This week Republicans from around the country gather in Florida to celebrate all things conservative and curse Issac for stealing the national spotlight. For me the 2012 Republican National Convention marks the true start of the presidential campaign season, the playoffs to the primaries' regular season.
Hard to believe that there have already been two musical controversies for the Romney campaign this year, one concerning the use of a Silversun Pickups' track and the other dealing with Paul Ryan's favorite band.
As a Republican it can be real confusing trying to figure out which bands like you and which bands don't. Here are some clues I've come up with to help any right wing Rocks Off loving candidates avoid the dreaded cease and desist order.
Bands To Avoid
While RATM were able to turn tons of people on to political causes they may never have considered before, Paul Ryan is proof that there was always a part of the fan base that was just there to rock out no matter what the lyrics were.
RATM made political music when it wasn't cool to do so (and were absent from the scene when it was) but let's not forget that although they were left leaning they didn't make music for a two party system. Still, Republicans would be smart to avoid them unless they want an op-ed to them in Rolling Stone.2. Anyone who played a fundraiser for John Kerry or appeared on a Rock Against Bush compilation.
Although Romney doesn't inspire the same about of anger our former governor did, their politics aren't exactly worlds away. If someone had a serious dislike of Bush for anything more than superficial reasons then those same people should equally dislike this year's Republican nominee.
Unless any of those bands had a change of heart (or decided to back away from politics for the sake of their cash flow) they're probably still all off limits. It's a shame because I think someone hitting the stage to Against Me! and their song "I Was A Teenage Anarchist" would have been delightful.3. Anyone who isn't American.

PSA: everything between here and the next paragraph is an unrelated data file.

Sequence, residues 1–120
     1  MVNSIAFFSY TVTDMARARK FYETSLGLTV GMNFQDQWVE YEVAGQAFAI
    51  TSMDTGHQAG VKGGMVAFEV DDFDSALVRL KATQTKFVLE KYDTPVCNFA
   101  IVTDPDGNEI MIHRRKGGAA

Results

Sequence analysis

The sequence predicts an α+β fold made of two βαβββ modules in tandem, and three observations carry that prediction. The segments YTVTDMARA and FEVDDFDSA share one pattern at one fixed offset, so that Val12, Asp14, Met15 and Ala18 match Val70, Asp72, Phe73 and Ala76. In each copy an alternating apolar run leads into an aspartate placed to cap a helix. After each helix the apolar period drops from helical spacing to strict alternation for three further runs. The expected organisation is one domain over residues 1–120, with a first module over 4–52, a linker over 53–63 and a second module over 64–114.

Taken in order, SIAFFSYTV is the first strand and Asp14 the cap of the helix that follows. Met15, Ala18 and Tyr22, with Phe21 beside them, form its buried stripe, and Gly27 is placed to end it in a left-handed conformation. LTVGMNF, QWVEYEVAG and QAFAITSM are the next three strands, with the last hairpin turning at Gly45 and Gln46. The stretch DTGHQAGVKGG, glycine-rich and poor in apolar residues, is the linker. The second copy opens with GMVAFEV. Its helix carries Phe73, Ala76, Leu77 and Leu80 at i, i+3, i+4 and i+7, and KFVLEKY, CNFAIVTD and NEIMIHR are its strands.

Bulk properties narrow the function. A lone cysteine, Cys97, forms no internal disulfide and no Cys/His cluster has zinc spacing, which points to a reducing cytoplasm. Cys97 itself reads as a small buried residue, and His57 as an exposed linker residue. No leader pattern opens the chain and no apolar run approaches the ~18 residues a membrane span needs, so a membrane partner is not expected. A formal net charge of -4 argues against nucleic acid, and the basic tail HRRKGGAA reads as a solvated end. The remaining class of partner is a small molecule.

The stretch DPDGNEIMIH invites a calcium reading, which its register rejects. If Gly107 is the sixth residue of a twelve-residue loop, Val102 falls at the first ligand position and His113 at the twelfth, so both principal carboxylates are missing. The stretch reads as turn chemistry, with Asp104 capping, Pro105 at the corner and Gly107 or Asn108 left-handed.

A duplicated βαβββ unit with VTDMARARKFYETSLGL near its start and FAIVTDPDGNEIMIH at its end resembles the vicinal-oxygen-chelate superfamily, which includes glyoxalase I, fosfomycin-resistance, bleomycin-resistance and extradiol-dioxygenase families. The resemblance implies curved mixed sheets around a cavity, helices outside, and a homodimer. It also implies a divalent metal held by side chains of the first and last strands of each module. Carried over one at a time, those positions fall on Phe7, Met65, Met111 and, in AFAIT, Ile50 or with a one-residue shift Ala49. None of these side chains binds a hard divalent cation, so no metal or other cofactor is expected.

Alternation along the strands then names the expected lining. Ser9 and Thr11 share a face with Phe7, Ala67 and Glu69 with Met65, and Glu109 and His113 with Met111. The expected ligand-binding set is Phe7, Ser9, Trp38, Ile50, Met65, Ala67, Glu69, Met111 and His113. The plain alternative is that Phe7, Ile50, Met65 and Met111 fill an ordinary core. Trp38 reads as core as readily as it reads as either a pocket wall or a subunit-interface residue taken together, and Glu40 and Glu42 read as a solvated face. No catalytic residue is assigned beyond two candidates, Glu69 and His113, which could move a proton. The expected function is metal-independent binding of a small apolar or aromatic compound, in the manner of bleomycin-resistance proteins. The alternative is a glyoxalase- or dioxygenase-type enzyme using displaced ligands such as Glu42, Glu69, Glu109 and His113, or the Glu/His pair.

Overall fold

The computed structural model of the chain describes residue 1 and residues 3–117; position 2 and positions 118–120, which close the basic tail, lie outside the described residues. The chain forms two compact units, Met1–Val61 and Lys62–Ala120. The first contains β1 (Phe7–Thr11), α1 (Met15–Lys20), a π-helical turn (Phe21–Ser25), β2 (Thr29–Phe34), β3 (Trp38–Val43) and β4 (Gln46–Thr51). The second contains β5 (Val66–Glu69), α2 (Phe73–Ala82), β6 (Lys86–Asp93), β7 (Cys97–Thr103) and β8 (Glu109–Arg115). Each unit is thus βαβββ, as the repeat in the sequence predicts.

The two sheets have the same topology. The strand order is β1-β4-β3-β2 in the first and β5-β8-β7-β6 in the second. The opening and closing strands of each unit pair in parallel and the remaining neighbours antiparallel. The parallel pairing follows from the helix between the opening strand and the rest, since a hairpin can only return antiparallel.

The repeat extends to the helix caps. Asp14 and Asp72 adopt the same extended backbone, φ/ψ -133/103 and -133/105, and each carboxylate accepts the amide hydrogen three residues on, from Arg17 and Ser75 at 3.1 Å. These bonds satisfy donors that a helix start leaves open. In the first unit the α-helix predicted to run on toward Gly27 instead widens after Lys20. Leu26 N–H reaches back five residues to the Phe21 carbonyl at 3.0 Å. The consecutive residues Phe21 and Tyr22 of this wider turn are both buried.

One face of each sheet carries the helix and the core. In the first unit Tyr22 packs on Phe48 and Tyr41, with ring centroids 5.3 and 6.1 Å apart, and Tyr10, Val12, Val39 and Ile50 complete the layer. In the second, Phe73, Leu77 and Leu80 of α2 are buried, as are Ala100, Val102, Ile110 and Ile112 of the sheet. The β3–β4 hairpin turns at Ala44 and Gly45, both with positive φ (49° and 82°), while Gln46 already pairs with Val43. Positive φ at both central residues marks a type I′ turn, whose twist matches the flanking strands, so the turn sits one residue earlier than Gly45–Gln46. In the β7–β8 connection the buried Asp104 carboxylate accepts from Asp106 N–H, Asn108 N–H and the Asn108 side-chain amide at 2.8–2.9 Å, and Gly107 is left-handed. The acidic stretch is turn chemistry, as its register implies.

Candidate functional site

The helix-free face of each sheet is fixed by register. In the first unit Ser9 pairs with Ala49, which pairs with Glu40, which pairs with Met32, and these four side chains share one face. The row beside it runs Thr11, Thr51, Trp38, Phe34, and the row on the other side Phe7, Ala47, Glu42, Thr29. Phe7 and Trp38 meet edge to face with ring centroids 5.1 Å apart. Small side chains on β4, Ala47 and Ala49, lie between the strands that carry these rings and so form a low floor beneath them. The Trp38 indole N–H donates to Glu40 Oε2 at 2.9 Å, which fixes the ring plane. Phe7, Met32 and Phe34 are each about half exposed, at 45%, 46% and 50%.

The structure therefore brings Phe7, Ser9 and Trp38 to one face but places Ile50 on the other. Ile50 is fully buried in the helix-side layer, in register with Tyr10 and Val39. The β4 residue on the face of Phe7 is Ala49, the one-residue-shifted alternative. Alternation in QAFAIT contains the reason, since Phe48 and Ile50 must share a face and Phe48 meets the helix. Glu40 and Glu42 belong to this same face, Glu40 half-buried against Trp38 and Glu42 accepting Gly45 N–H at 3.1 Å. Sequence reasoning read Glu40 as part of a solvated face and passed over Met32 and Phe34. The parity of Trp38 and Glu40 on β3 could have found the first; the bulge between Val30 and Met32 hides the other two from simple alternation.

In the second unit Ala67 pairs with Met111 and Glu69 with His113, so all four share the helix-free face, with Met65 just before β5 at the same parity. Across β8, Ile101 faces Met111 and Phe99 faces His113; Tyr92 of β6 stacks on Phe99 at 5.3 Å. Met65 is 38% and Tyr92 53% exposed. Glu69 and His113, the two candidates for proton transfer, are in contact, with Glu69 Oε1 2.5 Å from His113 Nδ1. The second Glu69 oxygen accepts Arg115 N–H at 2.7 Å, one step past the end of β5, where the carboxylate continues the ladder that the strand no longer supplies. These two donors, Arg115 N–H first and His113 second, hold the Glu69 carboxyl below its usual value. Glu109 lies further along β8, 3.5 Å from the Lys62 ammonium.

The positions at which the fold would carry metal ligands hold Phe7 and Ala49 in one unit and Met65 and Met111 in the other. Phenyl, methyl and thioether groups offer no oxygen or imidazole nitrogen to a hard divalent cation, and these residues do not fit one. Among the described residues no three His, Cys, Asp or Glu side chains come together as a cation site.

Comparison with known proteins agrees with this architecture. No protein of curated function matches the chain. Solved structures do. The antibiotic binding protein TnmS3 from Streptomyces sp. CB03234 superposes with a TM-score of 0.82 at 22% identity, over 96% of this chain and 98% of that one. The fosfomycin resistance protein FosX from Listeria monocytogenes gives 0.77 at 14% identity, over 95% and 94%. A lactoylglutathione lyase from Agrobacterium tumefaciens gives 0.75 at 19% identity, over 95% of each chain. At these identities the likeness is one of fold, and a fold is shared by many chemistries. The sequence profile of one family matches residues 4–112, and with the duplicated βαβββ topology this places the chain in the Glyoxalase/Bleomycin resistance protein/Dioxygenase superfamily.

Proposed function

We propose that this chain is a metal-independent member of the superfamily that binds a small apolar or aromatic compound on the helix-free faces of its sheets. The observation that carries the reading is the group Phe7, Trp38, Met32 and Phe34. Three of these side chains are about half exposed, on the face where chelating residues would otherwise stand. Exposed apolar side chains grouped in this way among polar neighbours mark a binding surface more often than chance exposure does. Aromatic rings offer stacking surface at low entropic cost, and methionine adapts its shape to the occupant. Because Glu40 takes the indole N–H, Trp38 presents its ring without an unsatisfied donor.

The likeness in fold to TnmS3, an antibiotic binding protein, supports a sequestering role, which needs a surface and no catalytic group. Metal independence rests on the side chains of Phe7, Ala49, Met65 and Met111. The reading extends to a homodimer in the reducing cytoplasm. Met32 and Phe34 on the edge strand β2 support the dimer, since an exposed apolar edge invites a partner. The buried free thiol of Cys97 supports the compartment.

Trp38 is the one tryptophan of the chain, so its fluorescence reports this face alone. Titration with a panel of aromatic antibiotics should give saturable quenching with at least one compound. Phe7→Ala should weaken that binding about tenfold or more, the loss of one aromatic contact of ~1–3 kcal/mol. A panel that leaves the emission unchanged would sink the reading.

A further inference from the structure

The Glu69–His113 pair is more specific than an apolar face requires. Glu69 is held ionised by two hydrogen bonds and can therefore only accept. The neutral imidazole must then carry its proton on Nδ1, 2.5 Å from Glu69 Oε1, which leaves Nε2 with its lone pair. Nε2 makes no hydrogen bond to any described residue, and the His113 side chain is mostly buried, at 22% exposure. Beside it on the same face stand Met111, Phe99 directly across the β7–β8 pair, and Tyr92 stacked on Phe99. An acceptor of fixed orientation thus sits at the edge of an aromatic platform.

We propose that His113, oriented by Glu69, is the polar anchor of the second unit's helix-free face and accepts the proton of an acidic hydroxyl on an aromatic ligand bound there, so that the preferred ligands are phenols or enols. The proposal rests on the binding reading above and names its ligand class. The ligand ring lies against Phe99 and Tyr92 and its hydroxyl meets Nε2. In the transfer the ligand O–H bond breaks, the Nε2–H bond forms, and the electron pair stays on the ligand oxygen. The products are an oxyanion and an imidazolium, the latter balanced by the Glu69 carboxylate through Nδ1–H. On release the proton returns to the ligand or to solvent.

There are so many great American bands out there to choose from that it would be silly to outsource your campaign music to an act from a foreign country.
I understand the temptation to blast Rush at your campaign rally. Both "Anthem" and "The Trees" have messages that seem right at home for you and those you want to vote for you but you can't use them. You can't let a bunch of Canadians steal a slot away from a deserving American prog-rock group.
Plus, they've already had a spat with Rand Paul, although they claim it has nothing to do with politics and everything to do with copyright.
Bands To Use1. Anyone who is playing at this year's RNC.
If these guys are willing to make the trek down to Tampa to play to the party then it's safe to say they're on board with the message. We're sure any of the bands playing would gladly lend their music to your campaign.
As an avid follower of Rocks Off you won't need to be reminded of Lynyrd Skynyrd, but there are some other interesting prospects to choose from. Taylor Hicks is an American Idol and should play really well for those candidates speaking in the South. As for 3 Doors Down you'd be wise to avoid "Loser" and "Kryptonite"; I'd recommend "Citizen/Soldier" if you want to use anything from their discography.
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I'll confess that short of reading every band in the country's Wikipedia page or doing a Google search for "[band] Republican" it would be pretty difficult to come up with a definitive list of Republican acts. Even then you'd have to be careful because a lot of those acts aren't so much Republican as they are just really big fans of Ron Paul.
There are tons of obvious acts that everyone knows, be it Ted Nugent or the bulk of country music. Still, here is a list of 10 bands that appear to be safe that you may not have thought of already or had forgotten about, although I personally recommend you ask for permission first:
Megadeth, Kid Rock, Avenged Sevenfold, Alice Cooper, The Vandals, Smash Mouth, Godsmack, Daughtry, Beach Boys, and yes, even Aerosmith.